Meet Our Mediators: Marty Van Tassel

Marty Van Tassel, shareholder, Alabama mediator

In this, our first 2018 installment of “Meet our Mediators”, we turn northward to Alabama and present shareholder George M. "Marty" Van Tassel. Marty joined UWWM in 2014 after having led the Mediation Center at Sirote & Permutt P.C. in Birmingham, Alabama.  Resident in our Birmingham office, Marty graduated from both the University of Alabama and the University of Alabama School of Law where he has served as an adjunct professor in mediation process and practice.  A very experienced mediator before joining us, and known to many of those who also use our Sunshine State-based neutrals, Marty was a litigator, representing both plaintiffs and defendants throughout Alabama’s federal and state trial and appellate courts. Marty has refined his skills through the most effective means possible – experience – and is sought after precisely for those traits that he identifies as those he has seen in the most successful lawyers. Please read on to learn more about Marty.

  1. When did you first think about becoming a mediator?
    I had been involved in several multi-party mediations with Rod Max and had watched the way he was able to put together all the pieces and achieve a settlement in a complex case. It looked like it would be challenging and fun to do what Rod was doing, so I decided to attend a course in mediation. I did and was certified as a mediator in 1996.
  2. What did you do before becoming a mediator?
    By 1999, I had been trying civil cases for over 25 years, as well as mediating part-time since 1996. In my career representing clients, I had handled cases for both plaintiffs and defendants in a wide variety of areas, including personal injury, wrongful death, business disputes, fraud, construction and will contests and many others. However, between 1996 and 1999, my mediation practice was growing at a rapid clip, and, ultimately, I had to make a choice about which direction my career would take. In 1999, I decided to join Rod Max at Sirote & Permutt, where he was at the time, and try to become a full-time mediator. I walked away from a good practice with good lawyers, leaving all of my clients behind. I have said many times that, if my plan had not worked, I would be seen as the stupidest lawyer in America, but it did work, and I’ve been a full-time mediator for 18 years.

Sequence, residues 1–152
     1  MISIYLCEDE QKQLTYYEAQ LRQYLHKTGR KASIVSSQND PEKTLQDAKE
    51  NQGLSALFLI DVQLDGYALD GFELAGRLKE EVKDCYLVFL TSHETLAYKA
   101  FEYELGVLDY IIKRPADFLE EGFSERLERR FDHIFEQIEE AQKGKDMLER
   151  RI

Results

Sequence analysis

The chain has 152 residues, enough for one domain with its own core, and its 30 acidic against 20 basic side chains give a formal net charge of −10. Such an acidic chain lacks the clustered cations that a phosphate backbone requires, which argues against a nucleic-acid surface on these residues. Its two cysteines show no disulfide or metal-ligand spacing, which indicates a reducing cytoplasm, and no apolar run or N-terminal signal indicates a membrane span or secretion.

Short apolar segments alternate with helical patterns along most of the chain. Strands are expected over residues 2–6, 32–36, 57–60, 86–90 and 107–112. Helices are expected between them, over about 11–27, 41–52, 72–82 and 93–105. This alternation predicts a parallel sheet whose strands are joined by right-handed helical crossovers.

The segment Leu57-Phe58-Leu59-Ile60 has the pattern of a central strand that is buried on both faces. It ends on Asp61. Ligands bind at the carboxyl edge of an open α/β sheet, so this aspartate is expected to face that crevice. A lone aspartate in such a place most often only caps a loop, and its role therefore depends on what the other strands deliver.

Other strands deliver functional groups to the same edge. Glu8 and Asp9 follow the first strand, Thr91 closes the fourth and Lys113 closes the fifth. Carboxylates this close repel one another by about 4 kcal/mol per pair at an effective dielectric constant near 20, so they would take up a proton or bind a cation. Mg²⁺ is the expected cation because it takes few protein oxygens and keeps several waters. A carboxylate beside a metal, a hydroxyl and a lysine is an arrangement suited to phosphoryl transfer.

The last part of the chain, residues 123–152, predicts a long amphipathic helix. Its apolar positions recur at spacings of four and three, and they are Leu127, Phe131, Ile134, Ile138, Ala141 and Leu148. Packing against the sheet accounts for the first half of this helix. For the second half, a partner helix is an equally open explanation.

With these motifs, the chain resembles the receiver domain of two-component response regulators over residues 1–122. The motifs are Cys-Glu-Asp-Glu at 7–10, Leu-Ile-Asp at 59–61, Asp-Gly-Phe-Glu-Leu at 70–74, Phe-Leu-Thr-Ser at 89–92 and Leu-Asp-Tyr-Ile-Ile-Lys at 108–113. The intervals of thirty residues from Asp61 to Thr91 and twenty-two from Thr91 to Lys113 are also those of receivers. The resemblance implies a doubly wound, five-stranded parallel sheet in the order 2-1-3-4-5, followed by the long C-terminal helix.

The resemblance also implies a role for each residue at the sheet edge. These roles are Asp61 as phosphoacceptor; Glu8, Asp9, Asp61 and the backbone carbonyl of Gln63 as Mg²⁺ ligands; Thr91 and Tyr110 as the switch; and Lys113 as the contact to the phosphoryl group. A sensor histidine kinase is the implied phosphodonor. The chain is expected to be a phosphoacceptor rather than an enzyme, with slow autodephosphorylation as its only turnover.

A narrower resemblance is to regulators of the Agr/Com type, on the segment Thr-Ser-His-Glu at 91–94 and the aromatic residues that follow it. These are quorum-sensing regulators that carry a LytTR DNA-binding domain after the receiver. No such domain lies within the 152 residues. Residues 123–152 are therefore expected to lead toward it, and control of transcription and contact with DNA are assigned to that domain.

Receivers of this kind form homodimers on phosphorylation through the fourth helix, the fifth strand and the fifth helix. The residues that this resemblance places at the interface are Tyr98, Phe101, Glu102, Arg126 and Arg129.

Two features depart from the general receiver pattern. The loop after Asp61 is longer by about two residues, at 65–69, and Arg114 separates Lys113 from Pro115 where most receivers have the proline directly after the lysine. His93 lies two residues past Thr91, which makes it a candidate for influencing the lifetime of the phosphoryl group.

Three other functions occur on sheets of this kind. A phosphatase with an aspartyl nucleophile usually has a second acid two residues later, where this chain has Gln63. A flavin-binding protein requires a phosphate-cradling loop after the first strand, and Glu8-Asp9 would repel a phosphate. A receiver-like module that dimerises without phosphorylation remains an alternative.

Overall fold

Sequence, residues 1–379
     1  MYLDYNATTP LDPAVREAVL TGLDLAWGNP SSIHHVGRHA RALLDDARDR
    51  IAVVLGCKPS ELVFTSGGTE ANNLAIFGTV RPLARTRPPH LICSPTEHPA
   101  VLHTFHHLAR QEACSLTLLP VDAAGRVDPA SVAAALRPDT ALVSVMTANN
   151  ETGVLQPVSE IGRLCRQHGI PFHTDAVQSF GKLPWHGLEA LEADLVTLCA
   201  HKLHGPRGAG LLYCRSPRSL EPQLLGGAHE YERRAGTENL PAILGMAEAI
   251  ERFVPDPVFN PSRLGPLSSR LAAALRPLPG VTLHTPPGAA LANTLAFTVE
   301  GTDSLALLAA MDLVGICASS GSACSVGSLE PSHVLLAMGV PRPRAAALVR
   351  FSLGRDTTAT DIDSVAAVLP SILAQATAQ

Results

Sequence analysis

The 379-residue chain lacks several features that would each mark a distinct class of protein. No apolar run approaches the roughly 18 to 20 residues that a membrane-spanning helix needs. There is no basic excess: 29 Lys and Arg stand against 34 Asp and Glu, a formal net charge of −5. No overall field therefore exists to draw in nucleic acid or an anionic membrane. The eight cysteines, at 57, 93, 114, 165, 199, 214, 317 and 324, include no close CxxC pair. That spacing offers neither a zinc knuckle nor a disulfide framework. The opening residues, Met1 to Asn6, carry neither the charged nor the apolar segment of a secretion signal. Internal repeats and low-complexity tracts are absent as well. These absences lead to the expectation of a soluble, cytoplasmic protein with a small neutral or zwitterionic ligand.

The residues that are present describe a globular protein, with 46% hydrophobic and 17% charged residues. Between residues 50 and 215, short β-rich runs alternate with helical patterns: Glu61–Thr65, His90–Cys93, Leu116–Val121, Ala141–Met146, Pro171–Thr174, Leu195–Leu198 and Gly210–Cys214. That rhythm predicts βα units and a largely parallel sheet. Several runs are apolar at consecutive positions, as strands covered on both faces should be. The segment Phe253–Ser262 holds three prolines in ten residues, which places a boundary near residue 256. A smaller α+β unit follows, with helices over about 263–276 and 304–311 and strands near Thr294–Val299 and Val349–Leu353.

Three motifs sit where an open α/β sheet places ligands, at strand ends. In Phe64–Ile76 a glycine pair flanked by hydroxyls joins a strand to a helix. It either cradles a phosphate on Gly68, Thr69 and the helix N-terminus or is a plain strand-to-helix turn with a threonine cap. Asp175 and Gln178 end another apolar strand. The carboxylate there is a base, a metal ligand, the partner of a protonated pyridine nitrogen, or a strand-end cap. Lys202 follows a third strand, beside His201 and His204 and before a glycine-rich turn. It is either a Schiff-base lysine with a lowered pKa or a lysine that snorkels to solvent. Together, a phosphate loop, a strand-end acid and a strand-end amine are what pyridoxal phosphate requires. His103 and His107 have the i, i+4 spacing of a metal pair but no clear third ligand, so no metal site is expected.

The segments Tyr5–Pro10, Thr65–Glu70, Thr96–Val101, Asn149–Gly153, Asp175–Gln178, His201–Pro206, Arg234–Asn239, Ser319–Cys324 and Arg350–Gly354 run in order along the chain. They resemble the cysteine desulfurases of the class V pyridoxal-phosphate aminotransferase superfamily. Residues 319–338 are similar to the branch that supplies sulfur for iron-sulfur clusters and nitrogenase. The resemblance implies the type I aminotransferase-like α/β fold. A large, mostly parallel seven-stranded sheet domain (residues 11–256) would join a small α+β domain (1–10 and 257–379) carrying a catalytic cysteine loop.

3. What did you like most about your prior career?
    Because of the variety of my practice when I was representing clients, I was always learning something new. While trying cases was stressful, I enjoyed the opportunity to focus single-mindedly on one case and, at the conclusion, see the result of my efforts. Obviously, the result was not always what I wanted, but I still liked the immediate feedback provided by a trial.

  4. What is your favorite part of being a mediator?
    My favorite parts of being a mediator are the same things I liked as a trial lawyer. In fact, I was stunned to find that for me, being a mediator felt, in some ways, very similar to being in trial. I still learn something new every day. I can still be very focused on each day’s case. I get immediate feedback, and at the end of the day, I know exactly what I have accomplished that day (that feeling of accomplishment was not always there in the world of litigation). Finally, my settlement rate is much better than my victory rate as a trial lawyer, so the feedback is not only quick, but it is usually positive!

  5. What are the traits of the greatest lawyers you have known?
    Most of the lawyers I have worked with during my career have been trial lawyers, so it is this sub-species of lawyer with whom I am most familiar. My observation is that great trial lawyers are not stamped from a mold. However, there are some traits that seem to be shared, in greater or lesser degrees. Great lawyers seem to have an ability to connect with others. They are quick studies. They are confident (usually by virtue of intense preparation), which gives them the room to be creative in their approach to the case. They are professional, not “gotcha” lawyers. Finally, they can be cooperative when they need to be, and when it advances the cause of a client.


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